The World Health Organization said the global death toll from a SARS-like virus has risen to 30, after three new deaths were reported in Saudi Arabia. Health experts are scrambling to understand the new virus.
World Health Organization spokesperson Gregory Hartl spoke to VOA from Geneva. He said, "As of today we have 50 confirmed cases of which unfortunately 30 have died.”
The most recent deaths occurred in Saudi Arabia, from where two-thirds of the cases have emerged.
In all, eight countries that have been affected by the virus, including Tunisia, Jordan, Britain, and France, where earlier this week a 65-year-old man died of the virus - the first patient in France to die from the condition.
But Hartl emphasized that up until now the virus appears to have its routes in the Middle East.
“So far all the cases have a connection to the Arabian Peninsula," he said. "The initial cases in France and in the U.K. and in Tunisia all had a travel history associated with somewhere on the Arabian Peninsula and then once they got back to their home countries there was a very limited person-to-person transmission.”
The virus has recently been given a new name, the Middle East Respiratory Symptom Coronavirus, or MERS for short. It is a cousin of SARS, another coronavirus, which emerged in Asia a decade ago and went on to kill around 800 people. Health experts say SARS, which was spread by respiratory droplets through coughing or sneezing, appears to have passed from person to person more easily than the new virus.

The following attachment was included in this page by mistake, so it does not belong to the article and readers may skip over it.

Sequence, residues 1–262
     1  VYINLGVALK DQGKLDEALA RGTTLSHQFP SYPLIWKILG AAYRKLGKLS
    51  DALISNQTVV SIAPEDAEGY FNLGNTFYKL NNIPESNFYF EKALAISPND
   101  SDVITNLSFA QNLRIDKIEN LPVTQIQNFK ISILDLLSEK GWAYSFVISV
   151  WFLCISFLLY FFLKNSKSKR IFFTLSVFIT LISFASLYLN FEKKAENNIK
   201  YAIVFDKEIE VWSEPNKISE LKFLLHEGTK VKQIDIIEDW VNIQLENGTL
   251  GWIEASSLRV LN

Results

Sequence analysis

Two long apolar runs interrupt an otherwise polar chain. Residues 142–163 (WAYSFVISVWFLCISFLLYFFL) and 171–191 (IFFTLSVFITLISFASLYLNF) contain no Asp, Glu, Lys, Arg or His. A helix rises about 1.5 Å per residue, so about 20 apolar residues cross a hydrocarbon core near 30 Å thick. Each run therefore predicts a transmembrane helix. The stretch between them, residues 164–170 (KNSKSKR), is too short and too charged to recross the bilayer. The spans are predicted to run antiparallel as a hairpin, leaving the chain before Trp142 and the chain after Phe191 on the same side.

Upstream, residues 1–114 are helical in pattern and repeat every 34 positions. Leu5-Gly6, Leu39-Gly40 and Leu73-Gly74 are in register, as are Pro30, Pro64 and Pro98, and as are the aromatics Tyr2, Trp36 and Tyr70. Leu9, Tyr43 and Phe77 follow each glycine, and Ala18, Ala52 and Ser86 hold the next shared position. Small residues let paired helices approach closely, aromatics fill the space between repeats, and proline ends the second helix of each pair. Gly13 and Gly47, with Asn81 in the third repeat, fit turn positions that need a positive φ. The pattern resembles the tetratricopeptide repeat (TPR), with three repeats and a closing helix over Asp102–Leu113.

But speaking in Geneva on Monday the director-general of the WHO said MERS is a "threat to the entire world". Hartl said of major concern right now is how little is known about the virus.
“We need to figure out how and where humans get infected in order to be able to control it," he said. "And we also need to work to develop medical means of treating the disease in terms of vaccines or anti-virals, which we do not have at the moment.”
The source of MERS is yet unknown. But the World Health Organizations said it appears to have originated in bats. It said a single variant from bats may have crossed over to another, intermediate animal before subsequently infecting humans.